Magnus Gertten’s documentary Nelly & Nadine tells a story so improbable you could be forgiven for wondering if it really happened. But it did, and the fact that it did is a testimony to the ability of human beings to carve out an existence for themselves even in circumstances in which just about everything is against them.
Nadine Hwang was the daughter of a Chinese diplomat who worked as a chauffeur and secretary in Paris for Natalie Clifford Barney, an American writer who hosted a famous literary salon attended by the likes of Radclyffe Hall, Isadora Duncan, and Gertrude Stein. When World War II broke out, she moved to a small town near the Spanish border and, while not part of a formal resistance organization, is believed to have help people escape across the border.
Hwang was arrested and sent to the Ravensbrück concentration camp in 1944, where she met Nelly Mousset-Vos, a professional opera singer and member of the French Resistance. The two fell in love, were separated when Nelly was sent to the notorious Austrian camp of Mauthausen, survived to be liberated from their camps at the end of the war, were re-united, and found their way to Caracas, Venezuela, where they built a new life for themselves (Nadine worked at a bank, Nelly at the French embassy).
Gertten reconstructs their story through archival materials, primarily a collection of letters, photographs, and 16mm home movies stored in the attic of Nelly’s granddaughter Sylvie Bianchi (Nadine is first seen in archival footage of a boat load of camp survivors brought to Sweden after the war). Sylvie is also part of the story: she recalls childhood visits to her grandmother in Venezuela and being aware that she had been in the camps. She was also aware that her grandmother lived with a woman, but because her own mother treated the topic of Nadine as taboo, Sylvie never knew the nature of their relationship.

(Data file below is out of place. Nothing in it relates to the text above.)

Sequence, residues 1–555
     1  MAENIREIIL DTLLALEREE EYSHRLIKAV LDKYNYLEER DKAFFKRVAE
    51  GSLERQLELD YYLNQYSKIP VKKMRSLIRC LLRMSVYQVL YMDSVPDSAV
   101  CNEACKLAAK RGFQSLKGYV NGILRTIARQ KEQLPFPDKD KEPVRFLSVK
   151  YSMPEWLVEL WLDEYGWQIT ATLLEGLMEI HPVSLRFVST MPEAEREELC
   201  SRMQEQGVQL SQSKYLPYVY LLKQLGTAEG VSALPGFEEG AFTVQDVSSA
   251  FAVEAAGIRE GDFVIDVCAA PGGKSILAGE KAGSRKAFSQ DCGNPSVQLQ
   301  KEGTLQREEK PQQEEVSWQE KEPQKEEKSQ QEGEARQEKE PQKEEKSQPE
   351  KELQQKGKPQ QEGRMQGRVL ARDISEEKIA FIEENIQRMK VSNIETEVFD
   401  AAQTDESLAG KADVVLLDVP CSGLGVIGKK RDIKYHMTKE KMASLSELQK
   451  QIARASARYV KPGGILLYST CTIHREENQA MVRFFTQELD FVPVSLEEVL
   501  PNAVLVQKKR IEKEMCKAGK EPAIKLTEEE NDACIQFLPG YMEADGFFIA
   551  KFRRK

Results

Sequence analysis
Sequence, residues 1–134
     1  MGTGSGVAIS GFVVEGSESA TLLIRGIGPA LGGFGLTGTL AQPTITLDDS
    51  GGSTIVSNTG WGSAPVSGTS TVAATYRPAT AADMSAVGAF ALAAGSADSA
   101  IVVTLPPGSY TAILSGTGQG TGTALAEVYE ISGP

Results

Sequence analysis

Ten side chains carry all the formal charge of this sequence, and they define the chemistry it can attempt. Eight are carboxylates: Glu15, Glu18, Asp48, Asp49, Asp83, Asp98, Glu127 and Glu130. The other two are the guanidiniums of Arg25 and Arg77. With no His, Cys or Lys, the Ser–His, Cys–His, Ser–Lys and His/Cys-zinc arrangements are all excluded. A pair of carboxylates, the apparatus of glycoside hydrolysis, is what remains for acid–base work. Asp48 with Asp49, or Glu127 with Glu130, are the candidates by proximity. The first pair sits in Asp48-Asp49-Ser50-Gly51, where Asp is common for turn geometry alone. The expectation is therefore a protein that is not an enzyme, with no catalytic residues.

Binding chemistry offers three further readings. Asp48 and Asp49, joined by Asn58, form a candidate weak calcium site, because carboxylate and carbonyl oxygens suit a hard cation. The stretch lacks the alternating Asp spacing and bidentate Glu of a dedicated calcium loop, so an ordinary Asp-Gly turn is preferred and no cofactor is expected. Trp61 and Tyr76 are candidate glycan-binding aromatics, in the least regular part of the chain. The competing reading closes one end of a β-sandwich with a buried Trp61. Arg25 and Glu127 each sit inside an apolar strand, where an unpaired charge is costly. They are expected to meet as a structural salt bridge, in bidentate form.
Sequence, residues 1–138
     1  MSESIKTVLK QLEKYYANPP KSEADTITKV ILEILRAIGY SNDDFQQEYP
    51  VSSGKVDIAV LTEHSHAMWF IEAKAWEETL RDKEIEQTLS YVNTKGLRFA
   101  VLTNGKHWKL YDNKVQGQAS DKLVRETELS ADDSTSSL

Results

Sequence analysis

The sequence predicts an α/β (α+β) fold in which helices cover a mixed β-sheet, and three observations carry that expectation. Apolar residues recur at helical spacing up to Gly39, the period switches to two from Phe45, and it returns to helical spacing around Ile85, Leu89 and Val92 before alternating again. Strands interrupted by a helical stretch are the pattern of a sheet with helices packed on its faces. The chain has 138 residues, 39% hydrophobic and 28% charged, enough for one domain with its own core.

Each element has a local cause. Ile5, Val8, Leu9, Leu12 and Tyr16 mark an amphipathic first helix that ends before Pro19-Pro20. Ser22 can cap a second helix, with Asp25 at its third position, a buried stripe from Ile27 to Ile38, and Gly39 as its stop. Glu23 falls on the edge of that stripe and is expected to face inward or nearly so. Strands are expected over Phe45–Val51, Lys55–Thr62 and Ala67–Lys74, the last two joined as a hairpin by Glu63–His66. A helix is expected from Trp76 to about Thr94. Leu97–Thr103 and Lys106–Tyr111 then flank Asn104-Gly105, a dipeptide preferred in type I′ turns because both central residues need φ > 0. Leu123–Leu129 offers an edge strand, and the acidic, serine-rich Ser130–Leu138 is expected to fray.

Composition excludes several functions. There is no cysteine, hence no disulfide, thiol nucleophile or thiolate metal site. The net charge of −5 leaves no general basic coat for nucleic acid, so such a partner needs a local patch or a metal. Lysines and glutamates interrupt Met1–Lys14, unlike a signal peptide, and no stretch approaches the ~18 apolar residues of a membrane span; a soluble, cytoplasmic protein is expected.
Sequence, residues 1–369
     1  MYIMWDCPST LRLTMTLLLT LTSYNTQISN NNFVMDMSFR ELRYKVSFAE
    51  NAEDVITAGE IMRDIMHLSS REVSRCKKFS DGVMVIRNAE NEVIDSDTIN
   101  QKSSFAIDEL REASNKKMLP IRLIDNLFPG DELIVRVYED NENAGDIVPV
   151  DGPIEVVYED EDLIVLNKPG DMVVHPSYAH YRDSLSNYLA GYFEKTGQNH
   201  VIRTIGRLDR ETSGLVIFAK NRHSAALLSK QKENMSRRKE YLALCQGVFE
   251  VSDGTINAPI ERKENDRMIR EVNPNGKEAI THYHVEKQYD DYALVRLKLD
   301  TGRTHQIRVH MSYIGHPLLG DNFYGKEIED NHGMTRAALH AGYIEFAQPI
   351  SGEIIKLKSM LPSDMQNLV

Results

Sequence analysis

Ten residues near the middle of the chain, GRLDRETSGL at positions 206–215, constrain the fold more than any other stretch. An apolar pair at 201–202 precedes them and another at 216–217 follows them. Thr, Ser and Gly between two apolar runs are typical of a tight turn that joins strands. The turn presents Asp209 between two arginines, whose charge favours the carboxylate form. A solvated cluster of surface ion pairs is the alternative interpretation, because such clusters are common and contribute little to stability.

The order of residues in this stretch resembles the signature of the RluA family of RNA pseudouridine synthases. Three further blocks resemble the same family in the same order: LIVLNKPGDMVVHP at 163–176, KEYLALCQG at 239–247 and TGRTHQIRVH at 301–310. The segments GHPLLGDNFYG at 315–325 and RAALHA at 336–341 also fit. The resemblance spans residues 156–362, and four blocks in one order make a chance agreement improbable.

We learn the story of Nadine and Nelly through Sylvie’s eyes. When she does begin to go through the boxes and trunks of materials stored in her attic and researches some of the other people featured in Nadine’s photos and films, she discovers a society of women, including her grandmother and Nadine, previously unknown to her. Excluded from the male literary establishment, Barney created her own literary world in France, honoring the achievements of women writers (although plenty of men also attended her salon). Not surprisingly, some of those women fell in love with each other, and carved out an existence for themselves, unacknowledged by society at large, as gay and lesbian people have done in many times and places.
Excerpts from the diary Nelly kept in Ravensbrück are accompanied by black and white photographs and cinematography, contrasting with the color of the present-day sections and of Nadine’s 16mm movies. Nelly’s writing illuminates the harshness of camp life as well as her feelings for Nadine, which were clearly romantic. The photographs and home movies also reveal the vibrant social life enjoyed by Nelly and Nadine in Caracas, who clearly found their tribe and lived their lives to the hilt. Ultimately, Nelly & Nadine tells the story not just of one couple who created a life for themselves against all odds, but of a whole community that thrived despite being deemed unacceptable by the society in which they lived. | Sarah Boslaugh
Nelly & Nadine will be screened in-person at Silas Theatre at the School for the Visual Arts in New York City on Oct. 18 and is available for remote streaming during the 34th Annual NewFest, Oct. 13-25. More information about film programs, special events, and passes and tickets is available from the festival web site.